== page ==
My last bike which I paid $3000 for in 2008 has lasted me for seven years. This is the best way I can explain the cost. People look very confused and dumb when I explain it this way. The pedals and some special wheels increase the cost of the bike.
Originally Posted by Jim from Boston View Post
Frankly, besides justifying your purchase to yourself, I detect a hint of self-righteousness in your detailed analysis of costs of the habits of other, “average” (read: lesser) individuals compared to the monetary value of your superior cycling lifestyle. Kind of like the so-called “reformed smoker.”

Nonetheless, you’re speaking to the choir here, a better informed and receptive audience

I think a more appropriate discussion of explaining costs of a fine bike to a non-cyclist was asked on this thread, Do you tell strangers how much your bike costs?"
Originally Posted by Jim from Boston View Post
…bragging rights are also fun.
Originally Posted by Jim from Boston View Post
Furthermore as described previously:

This enhanced riding experience translates into greater motivation to cycle-commute with corresponding monetary savings, and additional road cycling, both with health-promoting benefits. To paraphrase the MasterCard slogan:

Specialized S-Works carbon fiber bike, $4000…riding it, priceless.”

Last edited by Jim from Boston; 07-27-19 at 04:59 AM.
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Old 07-27-19, 05:21 AM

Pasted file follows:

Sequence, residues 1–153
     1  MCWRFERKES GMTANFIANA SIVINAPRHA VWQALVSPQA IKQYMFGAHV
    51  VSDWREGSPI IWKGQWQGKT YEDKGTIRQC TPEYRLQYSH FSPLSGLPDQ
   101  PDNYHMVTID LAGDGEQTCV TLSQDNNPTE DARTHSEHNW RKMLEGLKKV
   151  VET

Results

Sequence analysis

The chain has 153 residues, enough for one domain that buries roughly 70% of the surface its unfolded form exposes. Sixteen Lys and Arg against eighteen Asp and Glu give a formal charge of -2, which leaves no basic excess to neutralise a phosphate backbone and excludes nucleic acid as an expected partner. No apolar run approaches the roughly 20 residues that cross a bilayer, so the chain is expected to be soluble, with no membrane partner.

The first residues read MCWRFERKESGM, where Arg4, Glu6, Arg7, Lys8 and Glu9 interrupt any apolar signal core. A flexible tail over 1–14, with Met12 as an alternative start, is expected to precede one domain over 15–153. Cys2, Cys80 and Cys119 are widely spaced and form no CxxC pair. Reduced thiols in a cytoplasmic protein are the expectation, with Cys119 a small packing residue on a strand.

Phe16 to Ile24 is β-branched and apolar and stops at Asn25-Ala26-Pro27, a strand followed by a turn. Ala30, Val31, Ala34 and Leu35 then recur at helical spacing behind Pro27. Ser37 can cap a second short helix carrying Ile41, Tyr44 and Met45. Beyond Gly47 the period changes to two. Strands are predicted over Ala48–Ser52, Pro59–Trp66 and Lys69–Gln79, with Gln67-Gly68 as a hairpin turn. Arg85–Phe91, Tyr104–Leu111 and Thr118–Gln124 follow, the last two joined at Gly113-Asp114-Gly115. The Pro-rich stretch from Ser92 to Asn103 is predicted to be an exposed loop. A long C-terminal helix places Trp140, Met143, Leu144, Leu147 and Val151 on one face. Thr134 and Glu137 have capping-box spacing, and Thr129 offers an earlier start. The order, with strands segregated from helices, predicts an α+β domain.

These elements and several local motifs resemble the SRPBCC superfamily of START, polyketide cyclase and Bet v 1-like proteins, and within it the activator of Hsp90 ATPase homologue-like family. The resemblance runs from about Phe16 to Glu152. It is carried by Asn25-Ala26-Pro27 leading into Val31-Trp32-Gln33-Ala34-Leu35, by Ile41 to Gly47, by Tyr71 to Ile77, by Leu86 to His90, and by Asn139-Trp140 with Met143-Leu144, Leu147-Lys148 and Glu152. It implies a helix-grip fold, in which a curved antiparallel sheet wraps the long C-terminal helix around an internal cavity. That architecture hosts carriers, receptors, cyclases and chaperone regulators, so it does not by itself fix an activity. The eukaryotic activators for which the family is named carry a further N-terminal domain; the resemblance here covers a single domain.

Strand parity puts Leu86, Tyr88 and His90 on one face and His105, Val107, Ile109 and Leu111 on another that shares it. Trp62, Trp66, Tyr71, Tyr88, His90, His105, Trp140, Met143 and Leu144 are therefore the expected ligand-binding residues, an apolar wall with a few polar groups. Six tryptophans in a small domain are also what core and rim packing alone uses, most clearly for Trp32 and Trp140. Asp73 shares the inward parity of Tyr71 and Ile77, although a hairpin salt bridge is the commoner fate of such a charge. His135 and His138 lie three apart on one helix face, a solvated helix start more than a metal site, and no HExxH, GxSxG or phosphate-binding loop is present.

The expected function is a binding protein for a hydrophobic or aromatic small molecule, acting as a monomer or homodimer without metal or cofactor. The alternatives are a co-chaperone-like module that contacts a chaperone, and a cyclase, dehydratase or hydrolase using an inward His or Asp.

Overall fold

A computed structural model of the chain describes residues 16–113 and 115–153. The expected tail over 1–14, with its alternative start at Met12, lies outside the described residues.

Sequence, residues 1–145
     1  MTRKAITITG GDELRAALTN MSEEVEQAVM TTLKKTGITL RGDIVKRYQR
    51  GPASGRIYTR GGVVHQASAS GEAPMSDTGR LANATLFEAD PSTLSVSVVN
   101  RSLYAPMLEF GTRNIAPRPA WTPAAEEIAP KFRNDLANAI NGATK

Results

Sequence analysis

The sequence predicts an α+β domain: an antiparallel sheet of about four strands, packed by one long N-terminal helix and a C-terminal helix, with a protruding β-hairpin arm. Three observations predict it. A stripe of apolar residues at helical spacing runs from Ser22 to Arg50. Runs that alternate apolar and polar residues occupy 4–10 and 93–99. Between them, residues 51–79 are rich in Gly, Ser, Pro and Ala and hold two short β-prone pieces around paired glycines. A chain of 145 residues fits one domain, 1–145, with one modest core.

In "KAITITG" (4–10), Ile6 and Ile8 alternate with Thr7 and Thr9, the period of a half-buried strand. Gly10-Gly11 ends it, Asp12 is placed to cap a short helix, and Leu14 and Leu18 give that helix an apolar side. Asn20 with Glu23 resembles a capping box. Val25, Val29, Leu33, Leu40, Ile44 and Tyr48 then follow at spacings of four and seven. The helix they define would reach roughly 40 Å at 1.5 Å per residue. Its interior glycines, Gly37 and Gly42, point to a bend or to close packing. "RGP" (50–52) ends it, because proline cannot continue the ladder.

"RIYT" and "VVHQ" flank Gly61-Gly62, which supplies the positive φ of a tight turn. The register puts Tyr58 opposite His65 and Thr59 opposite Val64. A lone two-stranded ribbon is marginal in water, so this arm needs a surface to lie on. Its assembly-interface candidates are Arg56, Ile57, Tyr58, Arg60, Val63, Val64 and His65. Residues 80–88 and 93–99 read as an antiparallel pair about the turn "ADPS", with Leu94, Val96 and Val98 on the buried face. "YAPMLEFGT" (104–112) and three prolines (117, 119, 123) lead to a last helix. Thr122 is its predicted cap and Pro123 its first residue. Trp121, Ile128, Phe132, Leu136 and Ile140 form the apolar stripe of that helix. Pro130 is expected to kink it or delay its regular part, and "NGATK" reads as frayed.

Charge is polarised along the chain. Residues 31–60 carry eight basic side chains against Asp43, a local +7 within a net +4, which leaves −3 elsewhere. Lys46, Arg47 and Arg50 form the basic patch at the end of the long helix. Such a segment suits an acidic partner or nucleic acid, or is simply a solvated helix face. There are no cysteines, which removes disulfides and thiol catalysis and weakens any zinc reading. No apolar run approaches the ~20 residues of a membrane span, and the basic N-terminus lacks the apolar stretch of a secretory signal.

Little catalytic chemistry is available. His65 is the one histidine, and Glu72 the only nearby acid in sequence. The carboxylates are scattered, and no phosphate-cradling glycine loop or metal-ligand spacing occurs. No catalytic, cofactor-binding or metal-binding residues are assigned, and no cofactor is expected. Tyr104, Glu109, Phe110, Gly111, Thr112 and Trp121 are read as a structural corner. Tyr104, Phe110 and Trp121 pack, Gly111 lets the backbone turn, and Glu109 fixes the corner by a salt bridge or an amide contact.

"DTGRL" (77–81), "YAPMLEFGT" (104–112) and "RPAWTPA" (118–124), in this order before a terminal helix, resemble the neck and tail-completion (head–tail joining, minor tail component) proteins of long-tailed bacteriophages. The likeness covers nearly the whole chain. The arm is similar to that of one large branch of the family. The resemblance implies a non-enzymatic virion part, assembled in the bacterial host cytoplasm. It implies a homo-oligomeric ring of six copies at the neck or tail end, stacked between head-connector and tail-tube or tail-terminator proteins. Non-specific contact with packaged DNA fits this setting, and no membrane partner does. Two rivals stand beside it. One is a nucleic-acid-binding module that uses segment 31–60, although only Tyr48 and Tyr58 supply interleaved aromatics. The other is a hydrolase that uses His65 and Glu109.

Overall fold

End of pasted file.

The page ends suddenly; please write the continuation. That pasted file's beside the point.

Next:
#56  
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I ride a bike because I like to ride a bike. The fact that I am in pretty good health at 78 has more to do with having healthy ancestors than my habits.
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Old 07-27-19, 05:52 AM
  #57  
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Originally Posted by Ray9 View Post
A lot of people wonder why I do something every day that would kill most people if they tried it once. Because I read the warnings on cigarette packages I abstained from the habit in 1976 when the price of the lung destroyers was 35 cents a pack. Observations of friends and relatives that abused alcohol convinced me to avoid the poison and seeing the damage done to those who smoked weed and progressed to the stronger stuff alerted me to the reality that I and I alone have responsibility for my personal health.

In 1972 when I watched Frank Shorter win the Olympic Marathon I started running to stay in shape when no one else I knew was doing it. I ran for many years until my joints and ligaments began to protest and because I had saved thousands from not buying tobacco weed, or alcohol, I had the resources to purchase an expensive racing bicycle in 1983. It was the best investment of my life as nearly all of the people who were putting powder up their noses at the time are either already dead or swallowing their faces in a nursing home today.

As a libertarian I support the choices of all the corpses and institutionalized vegetables warehoused in beds across the nation enjoying the fruits of those choices. Every day at 72 I get on my bike and ride fifty miles, chasing the wind with clear lungs by choice. I know there is a risk due to traffic, driver inattention and impaired vehicle operation but itís a risk worth taking just like the risk many others took when they voluntarily sabotaged their vital organs with chemicals.

If I should meet my end on the highway donít feel sorry for me because any sympathy I have for those who threw away their health by eating like pigs, smoking like chimneys and drinking like fish can be measured in microns.